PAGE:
Another advantage of cloud based computing is the ability to centralize support. As such, maintenance costs are reduced and revision control should be made easier. However the whole thing goes "pop" if the hardware or software network goes down.
@ Jacob, you're correct cloud is a big thing. It offers a lot of advantages to enterprises. But, I think technology providers should be made aware of the potential challenges associated with Cloud? What's your thought?
t.alex, cloud has various offerings in IT domain, especially with IaaS, PaaS, SaaS etc. When it coming to non-IT domains like Automotive, Aerospace, supply chain, Electronic etc; as of now limited to certain areas. There is no doubt that these domains may get implement various solutions of cloud in near future.
Anna, now a day's cloud plays a vital role in all most all sectors. Some of the recent implementations are project management, design documentations etc through cloud solutions. There is no doubt that within a couple of days/months, cloud will play its own role in supply and inventory management too.
Cloud for storage and for hosting applications is definitely the trend. I can see there is a blurred line between cloud and traditional service. A number of hosting companies simply market their products as cloud-based while it is not very clear how we define 'cloud' in this case. Can we tag something 'cloud' because it is running off from the internet? I think when it comes to CIOs decision, they still have to put all options on the table and decide.
The new government rules and regulations may prove to be a double-edged sword: achieving some positive goals but costing organizations a great amount of money and work and, perhaps, lost sales as well.
EBN Dialogue enables and encourages you to participate in live chats with notable leaders and luminaries. Not only editors and journalists, but the entire EBN community is able to comment and ask questions. Listed below are upcoming and archived chats.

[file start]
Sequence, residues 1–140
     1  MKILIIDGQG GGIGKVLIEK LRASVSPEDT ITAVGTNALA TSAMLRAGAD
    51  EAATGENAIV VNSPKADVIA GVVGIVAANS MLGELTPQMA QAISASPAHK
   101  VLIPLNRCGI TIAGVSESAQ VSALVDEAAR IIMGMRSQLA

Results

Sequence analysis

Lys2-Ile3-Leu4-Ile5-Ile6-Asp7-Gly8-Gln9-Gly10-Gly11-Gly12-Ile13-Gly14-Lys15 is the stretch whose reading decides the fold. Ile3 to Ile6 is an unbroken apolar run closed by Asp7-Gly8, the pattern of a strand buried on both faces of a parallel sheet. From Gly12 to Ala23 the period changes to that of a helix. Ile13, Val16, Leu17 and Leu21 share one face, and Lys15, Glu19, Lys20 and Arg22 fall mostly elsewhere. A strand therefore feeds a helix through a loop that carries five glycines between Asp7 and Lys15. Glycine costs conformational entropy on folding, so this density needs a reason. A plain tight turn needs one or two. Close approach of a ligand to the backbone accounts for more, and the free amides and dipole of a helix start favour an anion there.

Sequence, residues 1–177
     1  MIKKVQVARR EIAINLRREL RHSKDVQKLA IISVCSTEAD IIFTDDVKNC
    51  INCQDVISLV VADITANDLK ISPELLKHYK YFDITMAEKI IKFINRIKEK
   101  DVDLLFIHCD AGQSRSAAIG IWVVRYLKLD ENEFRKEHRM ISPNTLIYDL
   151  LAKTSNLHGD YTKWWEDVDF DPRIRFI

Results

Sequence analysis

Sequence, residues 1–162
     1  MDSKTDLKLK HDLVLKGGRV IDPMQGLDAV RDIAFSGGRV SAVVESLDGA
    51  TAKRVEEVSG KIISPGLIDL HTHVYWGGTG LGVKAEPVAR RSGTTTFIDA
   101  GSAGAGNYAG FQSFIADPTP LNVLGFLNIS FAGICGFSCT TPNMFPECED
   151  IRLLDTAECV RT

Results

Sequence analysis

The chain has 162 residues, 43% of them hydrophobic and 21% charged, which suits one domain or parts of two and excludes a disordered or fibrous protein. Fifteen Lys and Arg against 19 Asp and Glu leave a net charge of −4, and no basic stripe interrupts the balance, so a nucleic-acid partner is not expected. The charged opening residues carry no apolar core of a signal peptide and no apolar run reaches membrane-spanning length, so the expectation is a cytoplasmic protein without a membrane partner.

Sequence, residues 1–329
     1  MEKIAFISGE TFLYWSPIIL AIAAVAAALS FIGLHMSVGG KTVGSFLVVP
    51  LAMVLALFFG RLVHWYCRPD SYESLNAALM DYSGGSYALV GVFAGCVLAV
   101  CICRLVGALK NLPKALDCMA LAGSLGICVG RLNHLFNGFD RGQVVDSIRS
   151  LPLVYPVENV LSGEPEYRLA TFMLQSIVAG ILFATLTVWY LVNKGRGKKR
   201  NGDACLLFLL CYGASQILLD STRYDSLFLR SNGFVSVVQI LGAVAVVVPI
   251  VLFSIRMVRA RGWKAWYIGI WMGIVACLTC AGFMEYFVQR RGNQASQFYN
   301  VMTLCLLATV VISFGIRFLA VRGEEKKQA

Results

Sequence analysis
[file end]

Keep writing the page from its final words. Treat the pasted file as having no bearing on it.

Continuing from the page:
Thailand Stages a Comeback Join EBN contributor Jennifer Baljko on Thursday August 23, 2012, at 11:00 a.m. EST for a live chat on how electronic manufacturers in Thailand have shored up their supply chain to reduce the impact of future natural disasters.
Microsoft Surface: Potential Winners & Losers What are the implications for the electronics industry supply chain of Microsoft Corp.'s decision to launch its own tablet PC? Join industry veteran and EE Times' systems and OEM expert Rick Merritt on Tuesday, July 3, at 12:00 pm EDT for a Live Chat on this subject.
Join EBN contributor Jennifer Baljko on Thursday August 23, 2012, at 11:00 a.m. EST for a live chat on how electronic manufacturers in Thailand have shored up their supply chain to reduce the impact of future natural disasters.
Peter Drucker famously said "Trying to predict the future is like trying to drive down a country road at night with no lights while looking out the back window." Yet in the razor's-edge world of electronics—with a lean supply chain and just-in-time demands—the need to know the future is vital.
While no one really can accurately predict the future, we can take guidance from another Drucker saying which is the best way to predict the future is to create it.
You've heard the saying "the No. 1 supply chain risk is your people." That hasn't always been the case. But today's complex global supply chain requires a new type of multitalented employee. It's one who understands, finance, marketing, economics, is savvy with technology, graceful with relationships and can think analytically.
Where are these people? Are universities properly preparing the next generation supply chain professionals? How do train your existing workforce for these new, demanding positions?
Brian Fuller, editor-in-chief of EBN, will lead a 60-minute Avnet Velocity panel discussion that will ask and answer these and other questions swirling around today's supply-chain talent challenges.